First introduced in 2006, the MacBook was part of Apple’s transition to Intel-based laptops. The MacBook has traditionally been the least expensive laptop offered by Apple and is aimed at primarily the consumer and education markets. In addition, it is the best-selling Macintosh in history. According to the sales-research organization NPD Group, in October 2008 the mid-range model of the MacBook was the single best-selling laptop of any brand in U.S. retail stores for the preceding five months. Despite its success, the next generation MacBook Air could be the beginning of the end for the MacBook. Many overlapping factors between the two laptops suggest it is.
Let’s take a look at the facts:
Price Point – Both laptops have a $999 base price. When shopping in the education store the MacBook Air is $949 whereas the MacBook is $899. Fifty bucks when spending almost $1000 is hardly a major deciding factor. Besides, both computers qualify for $100 Student Mac App Store promotion.
Hardware – Both currently still use Intel Core 2 Duo processors. Both come standard with 2GB of RAM. The MacBook does still sport a SuperDrive but with the Mac App Store, thumb drive costs, an external drive works when necessary, and the fact the Lion is being solely distributed digitally this is only a minor plus for the MacBook. It is rumored that the new MacBook Air will be equipped with at least an Intel i5 and possibly offer an upgrade to the i7 which will boast better integrated graphics, as well as a more energy efficient design. Also depending on the chip, you might have a 4 core chip while the core 2 duo is only 2 cores. The i5 is clearly a better choice. Let’s face it the MacBook Air is just a cooler design. The battery life is about the same but you can leave the Air in “standby mode” instead of turning it off and on for up to 30 days.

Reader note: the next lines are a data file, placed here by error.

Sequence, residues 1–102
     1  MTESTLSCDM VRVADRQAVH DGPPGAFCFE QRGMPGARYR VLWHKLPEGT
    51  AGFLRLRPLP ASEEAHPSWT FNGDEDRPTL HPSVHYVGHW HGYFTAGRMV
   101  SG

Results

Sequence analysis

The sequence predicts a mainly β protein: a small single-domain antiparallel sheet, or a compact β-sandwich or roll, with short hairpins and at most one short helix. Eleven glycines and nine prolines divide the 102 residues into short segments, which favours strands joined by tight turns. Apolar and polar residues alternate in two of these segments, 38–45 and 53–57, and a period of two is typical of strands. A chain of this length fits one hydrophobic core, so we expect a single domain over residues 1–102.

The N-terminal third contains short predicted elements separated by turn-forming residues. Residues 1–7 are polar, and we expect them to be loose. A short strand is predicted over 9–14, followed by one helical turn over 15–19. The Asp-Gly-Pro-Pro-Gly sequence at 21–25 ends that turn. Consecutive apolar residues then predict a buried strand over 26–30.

Sandbagging – Apple’s seemingly deliberate delay in distribution as to co-launch the next generation MacBook Air and OS X Lion suggests that the new model will be somehow optimized for running the new operating system.
Is the MacBook dead? Only time will tell, but Apple is a very business savvy company who knows how to market and knows when they are unnecessarily competing against themselves. Having separate production lines as well as design teams for two very similar products just isn’t good business and Apple knows business.